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    ABSTRACT: The evolution of budding in metazoans is not well understood on a mechanistic level, but is an important developmental process. We examine the evolution of coloniality in ascidians, contrasting the life histories of solitary and colonial forms with a focus on the cellular and developmental basis of the evolution of budding. Tunicates are an excellent group to study colonial transitions, as all solitary larvae develop with determinant and invariant cleavage patterns, but colonial species show robust developmental flexibility during larval development. We propose that acquiring new stem cell lineages in the larvae may be a preadaptation necessary for the evolution of budding. Brooding in colonial ascidians allows increased egg size, which in turn allows greater flexibility in the specification of cells and cell numbers in late embryonic and pre-metamorphic larval stages. We review hypotheses for changes in stem cell lineages in colonial species, describe what the current data suggest about the evolution of budding, and discuss where we believe further studies will be most fruitful.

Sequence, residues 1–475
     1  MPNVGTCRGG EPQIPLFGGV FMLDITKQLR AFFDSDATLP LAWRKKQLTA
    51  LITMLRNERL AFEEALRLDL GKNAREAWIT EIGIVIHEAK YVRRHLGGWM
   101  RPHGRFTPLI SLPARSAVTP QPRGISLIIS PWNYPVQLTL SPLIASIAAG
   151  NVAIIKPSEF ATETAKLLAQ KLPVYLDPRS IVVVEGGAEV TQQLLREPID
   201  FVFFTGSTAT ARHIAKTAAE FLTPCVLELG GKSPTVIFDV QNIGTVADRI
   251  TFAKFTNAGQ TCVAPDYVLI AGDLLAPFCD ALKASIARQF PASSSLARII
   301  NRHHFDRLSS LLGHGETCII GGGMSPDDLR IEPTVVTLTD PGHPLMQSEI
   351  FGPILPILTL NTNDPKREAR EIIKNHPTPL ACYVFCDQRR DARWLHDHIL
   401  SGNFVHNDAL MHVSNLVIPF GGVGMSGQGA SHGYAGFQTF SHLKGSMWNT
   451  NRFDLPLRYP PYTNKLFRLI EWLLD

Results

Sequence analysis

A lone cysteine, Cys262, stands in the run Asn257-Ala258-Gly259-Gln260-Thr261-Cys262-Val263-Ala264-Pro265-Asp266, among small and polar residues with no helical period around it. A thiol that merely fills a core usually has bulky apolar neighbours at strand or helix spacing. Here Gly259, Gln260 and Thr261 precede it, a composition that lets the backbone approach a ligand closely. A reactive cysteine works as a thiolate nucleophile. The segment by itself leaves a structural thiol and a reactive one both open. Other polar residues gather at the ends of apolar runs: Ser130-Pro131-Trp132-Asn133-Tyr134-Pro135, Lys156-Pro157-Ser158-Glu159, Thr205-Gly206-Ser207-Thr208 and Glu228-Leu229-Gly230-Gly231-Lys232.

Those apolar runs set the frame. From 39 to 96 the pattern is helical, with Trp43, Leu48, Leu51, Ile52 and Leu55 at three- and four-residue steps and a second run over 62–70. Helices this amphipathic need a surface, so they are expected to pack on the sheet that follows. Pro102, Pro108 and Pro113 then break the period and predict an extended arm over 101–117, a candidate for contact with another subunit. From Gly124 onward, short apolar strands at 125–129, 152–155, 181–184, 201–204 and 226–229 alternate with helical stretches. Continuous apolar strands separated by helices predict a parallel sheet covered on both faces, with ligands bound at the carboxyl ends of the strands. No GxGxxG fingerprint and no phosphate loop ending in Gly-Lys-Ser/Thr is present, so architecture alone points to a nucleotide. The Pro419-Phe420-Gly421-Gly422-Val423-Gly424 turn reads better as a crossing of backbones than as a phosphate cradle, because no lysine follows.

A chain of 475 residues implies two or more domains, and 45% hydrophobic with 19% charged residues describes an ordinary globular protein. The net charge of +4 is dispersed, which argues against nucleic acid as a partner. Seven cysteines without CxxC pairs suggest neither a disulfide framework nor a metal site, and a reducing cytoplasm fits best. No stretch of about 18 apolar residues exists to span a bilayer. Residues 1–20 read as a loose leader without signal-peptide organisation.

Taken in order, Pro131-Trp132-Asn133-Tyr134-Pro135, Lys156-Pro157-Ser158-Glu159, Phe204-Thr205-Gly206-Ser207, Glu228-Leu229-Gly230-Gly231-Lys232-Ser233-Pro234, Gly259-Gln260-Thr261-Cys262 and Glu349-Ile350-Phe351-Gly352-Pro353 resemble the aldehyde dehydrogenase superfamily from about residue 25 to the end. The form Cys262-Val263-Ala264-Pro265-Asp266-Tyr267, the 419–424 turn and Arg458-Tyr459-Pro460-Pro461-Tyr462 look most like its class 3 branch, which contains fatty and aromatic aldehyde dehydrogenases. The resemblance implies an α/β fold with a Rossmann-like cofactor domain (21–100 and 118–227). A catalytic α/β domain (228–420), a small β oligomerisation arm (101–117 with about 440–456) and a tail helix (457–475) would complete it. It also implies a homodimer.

Developmental Biology 06/2012; 369(2):151-62. DOI:10.1016/j.ydbio.2012.05.038 · 3.64 Impact Factor
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    • "Fusion of the vascular systems of colonies in ascidian B. schlosseri can lead to the replacement of germ and somatic cells in one colony with those from another one (Pancer et al., 1995; Stoner & Weissman, 1996; Stoner et al., 1999; Weissman, 2000; Laird et al., 2005). It remains unclear if the germline and somatic lineages are segregated or they descend from the same initial stem cell population in botryllids (Stoner et al., 1999). Pluripotent embryonic stem cells of mammals have capability to differentiate in vitro into female and male germ cells (Hübner et al., 2003; Geijsen et al., 2003; Toyooka et al., 2003; Clark et al., 2004; Daley, 2007; Kerkis et al., 2007). "
    Embryonic Stem Cells - Basic Biology to Bioengineering, 09/2011; , ISBN: 978-953-307-278-4